Eat up! Eat up! And play the game

Eat up! Eat up! And play the game.

It was one of those nights when a few middle-aged blokes get together to talk about old times in sport. John was a new fellow to join the group and everyone’s eyes lit up when he said ‘I saw Bradman bat once’.

John’s view of Bradman was when the Indians played a Test Match at Adelaide Oval in January 1948 and John said ‘he got something like 196’ which drew immediate but darting glances from a couple of the sporting pedants among us. The Don, in fact, made 201, Lindsay Hassett 198 and the Australians 674. No-one got 196.

John was more certain of the number of eskimo pies he consumed. ‘Seven’, he said which was no doubt the making of a little fat kid, and a 60-year interest in sport.

The eskimo pie story reminded me of my of some of my own sports eating experiences, mainly at the footy.

If you’ve been to watch football in Melbourne you’ve inevitably suffered the pain of the execrable Four and Twenty, surely the worst so-called meat pie in the world without a shadow of doubt. The alternative when I lived there in the late 1970s, was three or four round doughnuts before the game, purchased from the vans parked outside the grounds. Without being a doughnut connoisseur I reckoned they were the best in the world. It must be the footy itself which creates such extremes of thought. The romance of the doughnut only ended when I went to a game at Princes Park (sob, sob) several years later and taking a huge bite, spread raspberry jam all over my smart new Harris tweed sportscoat.

My improved football diet can be dated specifically. 3 September 1977, Elimination Final, South Melbourne v Richmond at the old VFL Park, Waverley. I can be sure for a couple of reasons. The first was because good old South (sob, sob) were playing in their first final of any description since 1945 and the second because I took a good-looking girl to the game. She was the first girl of any description I’d ever taken to the footy and American as it turned out. I was all set to explain the finer points. What happened was this…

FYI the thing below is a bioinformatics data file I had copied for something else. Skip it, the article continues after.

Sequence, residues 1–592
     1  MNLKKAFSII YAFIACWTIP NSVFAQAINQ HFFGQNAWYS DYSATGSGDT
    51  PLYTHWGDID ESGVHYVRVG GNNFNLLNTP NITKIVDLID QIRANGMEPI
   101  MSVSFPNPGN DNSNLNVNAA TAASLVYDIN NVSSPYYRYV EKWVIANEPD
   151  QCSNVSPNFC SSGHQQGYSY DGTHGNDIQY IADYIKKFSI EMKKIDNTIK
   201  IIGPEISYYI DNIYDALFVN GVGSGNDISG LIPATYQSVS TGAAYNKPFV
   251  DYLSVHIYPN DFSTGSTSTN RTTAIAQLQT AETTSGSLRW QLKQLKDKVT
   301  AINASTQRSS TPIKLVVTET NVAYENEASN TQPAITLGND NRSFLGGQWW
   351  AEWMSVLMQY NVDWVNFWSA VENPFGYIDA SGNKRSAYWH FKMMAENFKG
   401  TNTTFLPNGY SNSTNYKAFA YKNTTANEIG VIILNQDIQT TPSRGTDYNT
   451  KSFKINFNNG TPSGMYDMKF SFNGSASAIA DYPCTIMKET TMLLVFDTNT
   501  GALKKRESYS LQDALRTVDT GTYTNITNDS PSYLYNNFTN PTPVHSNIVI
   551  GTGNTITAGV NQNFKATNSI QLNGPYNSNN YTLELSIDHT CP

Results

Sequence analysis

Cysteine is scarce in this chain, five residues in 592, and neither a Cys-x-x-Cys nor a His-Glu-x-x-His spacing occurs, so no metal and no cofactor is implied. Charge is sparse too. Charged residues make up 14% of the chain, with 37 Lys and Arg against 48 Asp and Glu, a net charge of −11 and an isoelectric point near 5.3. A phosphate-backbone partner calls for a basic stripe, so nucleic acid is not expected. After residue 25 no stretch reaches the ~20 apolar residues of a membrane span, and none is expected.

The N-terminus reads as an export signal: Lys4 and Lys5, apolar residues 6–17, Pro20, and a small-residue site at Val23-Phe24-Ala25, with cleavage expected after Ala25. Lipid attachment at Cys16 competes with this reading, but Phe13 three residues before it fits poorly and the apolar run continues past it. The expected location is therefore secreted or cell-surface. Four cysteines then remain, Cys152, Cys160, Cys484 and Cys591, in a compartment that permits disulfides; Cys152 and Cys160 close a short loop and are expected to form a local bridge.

We took up our positions and I started to unpack the binoculars when she said. ‘Daaaahling! I’ve prepared a little something’. The ‘little something’ turned out to be cold turkey, cheese, celery, french rolls, an avocado or two, pate and what’s this?, a bottle of chilled white from the good old Barossa Valley. ‘Jeez! whadya think I am, a poofter?’ I remember thinking. People thought like that in those days. I didn’t get anywhere with the finer points but we did get stuck into the grub.

At the half-time break the wine and glasses (not plastic cups) came out as well which brought a chorus from the row of beery blokes behind. ‘Jeez! whatarya, a poofter or something?’ People said things like that in those days. I gestured with a french stick. She and I kept sipping through the second half which was too much for one old bag complete with brolly and overcoat, who spat out. ‘Huh! Toorak set, you’ve no right to be here’, conjuring up images of the split level and the Porsche Turbo in the double garage. Oh well! and South were annihilated 7.12 to 13.10.

The logical eating endpoint was probably lunch at the Adelaide Crows Chairman’s Club what seemed half a lifetime later at Football Park, West Lakes in 1994, and definitely pre-AAMI. Crows versus Somebody: soup, entrée, mains, cheese, more than half-decent wine, scones, jam, cream and coffee. After that fill the football was bound to be an anti-climax except that first one had to hear from the guest speaker/interviewee, the then Leader of Her Majesty’s Federal Opposition, Alexander ‘Things that Batter’ Downer.

Chairman Bob ‘Half-Case’ Hammond’s introduction of his guest as ‘the next Prime Minister of Australia’ was one of the great gaffes of all time to which I remember responding with an almighty ‘BOOOOOOOOO!’ This was a non-politically partisan gathering, we were located in Adelaide’s western suburbs, and we were at the footy after all! Clearly embarrassed Mr Downer wasn’t a bad guest and revealed a warm and genuine interest in football. Only one thing worried me. When asked whether as a boy he harboured any ambitions about becoming prime minister he replied along the lines of: ‘No! I really wanted to play full-forward for Norwood’.

I could have possibly stood him running the country but the prospect of him representing my footy team was far to much to stomach.



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